Save a bundle on wedding flowers
You don't have to break the bank for beautiful bouquets. Use these ideas to create a lovely ceremony and reception.
But a little imagination and creativity lets you cut costs without sacrificing effect.
For example, my daughter bought her wedding flowers from a couple of supermarkets with quality floral departments. My niece, who previously worked in the industry, turned the blossoms into lovely bouquets and boutonnières.
And here's a new way to spend money: the "throw" bouquet. Seems a new custom is to buy a replica of the bride's flower arrangement -- which isn't cheap -- in order to throw it at the unmarried female guests. Really? (Post continues after video.)
Emily McCollin of Occasions By Emily in Charlotte, N.C., has a way around this pricey trend: "Use a bridesmaid's bouquet, rather than paying for a (duplicate)."
Truckloads of flowers are essential to some. To others, the number of blooms is negotiable. Decide what you want, then use these tips to bring your dream in under budget.
Cheaper by the dozen?
April Masini of the "Ask April" online advice column suggests ordering directly from a rose farm. Vases stuffed with roses "shriek 'luxury.'"
Don't want roses? Do an online search for other types of flower farms that sell to the public.
The cheapest flowers are generally those currently in season. West Palm Beach, Fla., event planner Rhonda Davis suggests three nontraditional choices:
- Hydrangea: "Very large and requires less to make a statement."
- Carnations: "When clustered together, (they) look sophisticated."
- Tulips: "In vases of different styles and heights, (they) add drama and impact."
Marisa Manna of So Eventful recommends that you "supersize" your arrangements with larger blossoms. "Choosing bigger buds means you'll need fewer stems," says Manna, who's based in San Francisco.
But don't overdo the flowers at the church: "Have two large arrangements at the altar. This will direct everyone's attention to exactly where you want them to focus: the bride and groom."
"Floral" doesn't necessarily mean a cut bloom. Use flowering branches (forsythia, cherry) or branches of curly willow, suggests New York City event planner Karen Brown. If you're lucky, friends or relatives have these trees on their properties.
Or skip florals altogether. Jan McBee of La Fete in Atlanta suggests decorating tables with pillar candles of varying heights, floating candles, or "citrus fruits, pine cones, shells and other items from nature (in) vases surrounded by candles."
Stephania Andrade, who's helping her sister with a summer wedding, says guests will enjoy framed photos of the bride and groom, from childhood up through engagement.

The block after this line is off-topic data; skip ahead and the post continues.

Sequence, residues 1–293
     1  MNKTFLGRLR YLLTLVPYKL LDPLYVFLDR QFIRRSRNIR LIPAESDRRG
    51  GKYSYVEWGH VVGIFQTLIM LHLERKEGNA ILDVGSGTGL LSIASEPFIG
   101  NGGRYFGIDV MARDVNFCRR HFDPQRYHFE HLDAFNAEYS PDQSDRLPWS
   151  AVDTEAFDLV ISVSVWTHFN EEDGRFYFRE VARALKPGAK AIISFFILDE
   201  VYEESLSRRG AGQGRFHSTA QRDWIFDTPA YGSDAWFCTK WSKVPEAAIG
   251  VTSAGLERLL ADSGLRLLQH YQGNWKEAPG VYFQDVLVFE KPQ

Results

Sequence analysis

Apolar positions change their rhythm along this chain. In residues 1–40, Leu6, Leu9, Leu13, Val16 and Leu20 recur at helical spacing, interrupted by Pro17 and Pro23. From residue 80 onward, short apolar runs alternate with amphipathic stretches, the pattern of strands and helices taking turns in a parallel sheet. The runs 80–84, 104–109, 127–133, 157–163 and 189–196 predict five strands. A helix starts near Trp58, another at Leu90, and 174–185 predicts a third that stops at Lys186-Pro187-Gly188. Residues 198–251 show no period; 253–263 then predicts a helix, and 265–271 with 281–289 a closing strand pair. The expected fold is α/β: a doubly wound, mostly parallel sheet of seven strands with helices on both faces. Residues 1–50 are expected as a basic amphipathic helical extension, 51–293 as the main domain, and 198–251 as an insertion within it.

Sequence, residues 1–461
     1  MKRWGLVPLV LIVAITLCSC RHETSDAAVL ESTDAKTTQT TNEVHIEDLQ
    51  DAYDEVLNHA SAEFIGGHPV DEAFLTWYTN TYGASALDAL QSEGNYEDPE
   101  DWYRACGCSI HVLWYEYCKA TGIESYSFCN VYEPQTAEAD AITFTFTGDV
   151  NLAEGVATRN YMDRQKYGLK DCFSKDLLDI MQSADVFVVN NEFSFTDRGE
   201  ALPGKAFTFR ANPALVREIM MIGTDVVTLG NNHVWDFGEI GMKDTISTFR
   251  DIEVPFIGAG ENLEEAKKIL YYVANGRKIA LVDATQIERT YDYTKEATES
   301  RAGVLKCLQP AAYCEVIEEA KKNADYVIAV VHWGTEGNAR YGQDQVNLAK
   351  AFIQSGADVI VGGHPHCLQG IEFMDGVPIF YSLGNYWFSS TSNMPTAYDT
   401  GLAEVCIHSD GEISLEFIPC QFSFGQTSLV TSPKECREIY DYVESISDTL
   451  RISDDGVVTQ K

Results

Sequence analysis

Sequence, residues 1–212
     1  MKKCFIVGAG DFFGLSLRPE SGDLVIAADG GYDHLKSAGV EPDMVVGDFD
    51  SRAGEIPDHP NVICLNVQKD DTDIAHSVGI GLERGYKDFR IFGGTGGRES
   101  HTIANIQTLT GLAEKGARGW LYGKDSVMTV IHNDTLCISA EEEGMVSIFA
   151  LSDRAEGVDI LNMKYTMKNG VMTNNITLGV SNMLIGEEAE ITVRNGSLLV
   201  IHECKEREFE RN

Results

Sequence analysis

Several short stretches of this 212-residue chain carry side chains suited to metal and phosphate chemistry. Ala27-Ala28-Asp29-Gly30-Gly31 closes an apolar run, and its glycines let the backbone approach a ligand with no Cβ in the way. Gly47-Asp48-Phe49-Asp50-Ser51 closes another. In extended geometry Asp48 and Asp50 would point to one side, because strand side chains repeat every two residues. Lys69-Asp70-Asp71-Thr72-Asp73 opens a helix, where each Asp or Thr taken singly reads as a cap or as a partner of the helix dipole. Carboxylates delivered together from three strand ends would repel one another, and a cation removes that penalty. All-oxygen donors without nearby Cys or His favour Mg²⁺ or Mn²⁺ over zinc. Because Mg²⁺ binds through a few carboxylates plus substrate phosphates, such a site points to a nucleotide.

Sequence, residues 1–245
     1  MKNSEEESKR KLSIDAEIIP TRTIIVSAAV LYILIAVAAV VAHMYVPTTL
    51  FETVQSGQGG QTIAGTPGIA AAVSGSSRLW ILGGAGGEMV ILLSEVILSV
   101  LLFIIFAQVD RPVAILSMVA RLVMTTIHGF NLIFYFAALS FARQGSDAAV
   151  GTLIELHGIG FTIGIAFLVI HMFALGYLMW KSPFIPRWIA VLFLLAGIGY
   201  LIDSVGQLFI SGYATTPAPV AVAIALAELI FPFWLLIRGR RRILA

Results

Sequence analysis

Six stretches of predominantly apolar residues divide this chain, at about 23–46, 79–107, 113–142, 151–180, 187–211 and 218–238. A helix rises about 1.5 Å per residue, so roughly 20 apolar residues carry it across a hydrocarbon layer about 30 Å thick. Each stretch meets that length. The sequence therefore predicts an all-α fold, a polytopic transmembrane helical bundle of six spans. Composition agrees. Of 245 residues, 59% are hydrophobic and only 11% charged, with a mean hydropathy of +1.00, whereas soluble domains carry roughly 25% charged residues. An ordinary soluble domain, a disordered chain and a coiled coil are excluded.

"They'll become conversation pieces and will add that personal touch every wedding should have," the San Diego resident says.
Cut flower costs
Want flowers on the tables? Reuse the ones from the ceremony. At one wedding, photographer Catherine Fiehn saw decorative buckets hanging from the church pews. Later these buckets showed up as centerpieces.
"I've (seen) other ladies skip the bridesmaids' bouquets altogether and have each girl carry a single rose, which they one by one placed in an empty vase on the altar after coming down the aisle," says Fiehn, who's based in Darien, Conn.
And when the party's over? Event planner Afrin Khan of Red Elephant suggests arranging to donate flowers to a hospital, hospice or senior center.
"This simple, powerful gesture helps share your joyous day with others," says Khan, of Merrick, N.Y.
More on MSN Money:
"Seems a new custom is to buy a replica of the bride's flower arrangement -- which isn't cheap -- in order to throw it at the unmarried female guests. Really? "
For my wedding, I got the "throw away" bouquet free with my regular bouquet....But I do agree that wedding flowers cost WAAAAY too much. When I was planning for my wedding, I read online that the average cost for a single centerpiece was $250!!! I had 12 tables at my wedding, so NO WAY was I going to be paying $3000+ for centerpieces. I bought all the components, and assembled them myself. Total cost was about $200. Pfft, $250 my butt.
Copyright © 2013 Microsoft. All rights reserved.
Quotes are real-time for NASDAQ, NYSE and AMEX. See delay times for other exchanges.
Fundamental company data and historical chart data provided by Thomson Reuters (click for restrictions). Real-time quotes provided by BATS Exchange. Real-time index quotes and delayed quotes supplied by Interactive Data Real-Time Services. Fund summary, fund performance and dividend data provided by Morningstar Inc. Analyst recommendations provided by Zacks Investment Research. StockScouter data provided by Verus Analytics. IPO data provided by Hoover's Inc. Index membership data provided by SIX Financial Information.
WHAT IS FRUGAL NATION?
Donna Freedman's Frugal Nation blog is for readers who want to live cheaply -- whether due to necessity or a lifestyle choice. It explores living sustainably and making life more meaningful at the same time.
ABOUT DONNA FREEDMAN
Donna Freedman, a writer based in Anchorage, Alaska, writes the Frugal Nation blog for MSN Money. She won regional and national prizes during an 18-year newspaper career and earned a college degree in midlife without taking out student loans. Donna also writes about the frugal life for her own site, Surviving and Thriving.
Starting Monday, this site is joining forces with MSN Money Smart Spending. Here's why.
VIDEO ON MSN MONEY
Think saving money, paying bills, comparing prices and shopping for deals take way too much work? All of these can be done with very little effort on your part.